Find out the location of your home directory with the command:   

      % pwd

      It will look something like this:

      /afs/cats.ucsc.edu/users/x/mycruzid

      where x is an arbitrary letter and mycruzid is your CruzID; therefore the recommended location for the .htpasswd file is in:
      /afs/cats.ucsc.edu/users/x/mycruzid/private/.htpasswd
    2. Prompt: Users will see a pop-up window when they first try to access your protected pages. The pop-up contains the sentence Enter password for Prompt (the exact text varies from browser to browser). You need to devise a sensible prompt. Examples might be or My Class Project, or My Photos. If you want to put spaces in the prompt, make sure you retain the quotation marks. (See below).
    3. User: The public part of the login/password pair. This user has nothing to do with your existing CruzID, and should not match any existing CruzID.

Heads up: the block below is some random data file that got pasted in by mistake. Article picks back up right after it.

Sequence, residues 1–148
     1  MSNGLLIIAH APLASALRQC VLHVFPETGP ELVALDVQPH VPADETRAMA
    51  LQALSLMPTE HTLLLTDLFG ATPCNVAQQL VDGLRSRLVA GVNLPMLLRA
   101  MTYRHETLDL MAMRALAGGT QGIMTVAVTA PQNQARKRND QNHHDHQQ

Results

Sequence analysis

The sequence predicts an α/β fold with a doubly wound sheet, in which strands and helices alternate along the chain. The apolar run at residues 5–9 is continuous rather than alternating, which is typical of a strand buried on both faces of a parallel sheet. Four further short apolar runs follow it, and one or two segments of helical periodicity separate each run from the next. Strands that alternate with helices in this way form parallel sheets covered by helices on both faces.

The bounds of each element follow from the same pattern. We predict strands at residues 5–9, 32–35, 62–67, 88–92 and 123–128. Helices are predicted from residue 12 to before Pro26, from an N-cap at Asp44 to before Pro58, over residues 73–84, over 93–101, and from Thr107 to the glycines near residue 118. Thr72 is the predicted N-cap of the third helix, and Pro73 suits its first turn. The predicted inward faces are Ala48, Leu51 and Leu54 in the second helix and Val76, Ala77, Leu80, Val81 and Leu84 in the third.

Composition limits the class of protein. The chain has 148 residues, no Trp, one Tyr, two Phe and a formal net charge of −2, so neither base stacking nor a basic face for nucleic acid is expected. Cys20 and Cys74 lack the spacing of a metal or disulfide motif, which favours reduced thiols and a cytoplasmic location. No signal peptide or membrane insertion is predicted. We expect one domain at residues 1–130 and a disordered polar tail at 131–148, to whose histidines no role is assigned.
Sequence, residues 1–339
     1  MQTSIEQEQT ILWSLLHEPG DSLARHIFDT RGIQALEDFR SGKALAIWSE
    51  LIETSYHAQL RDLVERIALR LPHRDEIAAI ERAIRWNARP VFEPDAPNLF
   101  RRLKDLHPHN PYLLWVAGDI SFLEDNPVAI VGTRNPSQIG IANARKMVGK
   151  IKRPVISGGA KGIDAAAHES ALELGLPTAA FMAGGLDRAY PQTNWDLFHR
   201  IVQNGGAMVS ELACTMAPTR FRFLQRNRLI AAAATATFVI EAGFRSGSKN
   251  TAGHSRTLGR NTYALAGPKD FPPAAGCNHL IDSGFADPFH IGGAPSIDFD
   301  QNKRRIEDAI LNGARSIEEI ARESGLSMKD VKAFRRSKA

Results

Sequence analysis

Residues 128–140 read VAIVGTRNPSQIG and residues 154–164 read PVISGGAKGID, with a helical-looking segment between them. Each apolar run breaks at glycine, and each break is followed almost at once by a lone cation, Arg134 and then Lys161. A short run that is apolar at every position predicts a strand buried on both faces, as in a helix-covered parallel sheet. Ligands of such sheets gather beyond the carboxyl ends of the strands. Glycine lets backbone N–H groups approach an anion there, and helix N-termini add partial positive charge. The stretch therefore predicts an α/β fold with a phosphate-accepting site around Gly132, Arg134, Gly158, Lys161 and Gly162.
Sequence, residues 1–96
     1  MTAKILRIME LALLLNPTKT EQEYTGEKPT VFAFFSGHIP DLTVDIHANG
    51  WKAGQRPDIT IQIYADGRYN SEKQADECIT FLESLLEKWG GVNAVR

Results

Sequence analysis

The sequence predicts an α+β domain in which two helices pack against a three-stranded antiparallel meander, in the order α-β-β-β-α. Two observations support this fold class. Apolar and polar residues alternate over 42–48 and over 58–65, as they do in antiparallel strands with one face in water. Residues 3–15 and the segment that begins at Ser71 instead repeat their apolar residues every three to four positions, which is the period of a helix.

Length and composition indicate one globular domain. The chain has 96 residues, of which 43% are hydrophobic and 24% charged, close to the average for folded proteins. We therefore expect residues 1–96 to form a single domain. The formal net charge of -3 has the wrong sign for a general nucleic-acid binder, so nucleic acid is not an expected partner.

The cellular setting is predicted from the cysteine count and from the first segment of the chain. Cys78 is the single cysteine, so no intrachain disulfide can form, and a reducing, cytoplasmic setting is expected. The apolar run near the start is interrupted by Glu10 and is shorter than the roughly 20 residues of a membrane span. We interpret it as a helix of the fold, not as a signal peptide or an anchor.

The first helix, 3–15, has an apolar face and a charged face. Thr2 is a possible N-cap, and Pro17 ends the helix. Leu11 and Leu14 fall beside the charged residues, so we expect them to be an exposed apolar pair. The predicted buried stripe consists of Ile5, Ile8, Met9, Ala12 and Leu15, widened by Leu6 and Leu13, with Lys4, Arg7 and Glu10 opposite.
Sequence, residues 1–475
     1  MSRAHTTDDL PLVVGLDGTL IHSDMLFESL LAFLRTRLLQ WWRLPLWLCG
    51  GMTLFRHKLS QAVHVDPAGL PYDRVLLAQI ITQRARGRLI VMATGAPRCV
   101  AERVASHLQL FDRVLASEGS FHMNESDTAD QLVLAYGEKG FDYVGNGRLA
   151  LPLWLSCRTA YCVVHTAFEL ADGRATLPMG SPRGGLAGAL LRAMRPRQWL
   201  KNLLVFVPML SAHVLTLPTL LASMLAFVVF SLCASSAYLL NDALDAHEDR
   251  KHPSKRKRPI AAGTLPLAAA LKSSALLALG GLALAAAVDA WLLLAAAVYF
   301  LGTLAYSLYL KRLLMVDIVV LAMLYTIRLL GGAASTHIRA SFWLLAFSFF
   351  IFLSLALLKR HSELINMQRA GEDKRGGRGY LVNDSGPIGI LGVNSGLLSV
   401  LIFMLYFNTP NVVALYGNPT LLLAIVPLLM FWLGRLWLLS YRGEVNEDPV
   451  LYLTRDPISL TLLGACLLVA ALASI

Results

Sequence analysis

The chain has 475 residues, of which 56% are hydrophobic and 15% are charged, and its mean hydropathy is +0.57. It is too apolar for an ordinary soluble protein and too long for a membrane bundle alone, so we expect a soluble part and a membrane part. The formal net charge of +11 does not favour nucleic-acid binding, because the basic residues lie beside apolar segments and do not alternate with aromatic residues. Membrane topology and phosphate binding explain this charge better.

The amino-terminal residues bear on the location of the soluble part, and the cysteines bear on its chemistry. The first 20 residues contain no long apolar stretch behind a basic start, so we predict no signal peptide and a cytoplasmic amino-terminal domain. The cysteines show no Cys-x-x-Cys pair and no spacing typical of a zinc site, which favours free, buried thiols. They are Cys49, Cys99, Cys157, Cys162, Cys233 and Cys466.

4. Password: The secret word that will be the password. This password should be different from any other password you may be using, and it should not match any CruzID password, you or others may be using.

      You will share this user/password with others who are allowed access to your restricted directory.
  2. Create a file called .htaccess in the web directory you want to protect. Don't forget the dot at the beginning of the name. For example, if you wanted to protect a directory called myphotos in your public_html directory, you would run these commands

    % cd ~/public_html/myphotos
    % edit .htaccess
  3. Type the following lines in your .htaccess file. Change the Prompt, adjust the location of your home directory, and the User with the items you set up in step #1

    AuthName    "Prompt"
    AuthType    Basic
    AuthUserFile    /afs/cats.ucsc.edu/users/x/mycruzid/private/.htpasswd

    <Limit GET POST>
    require user User
    </Limit>

    Write the file and quit the text editor.
  4. Finally, you will create the .htpasswd file that contains the user and encrypted password. Please note the following before running the htpasswd command: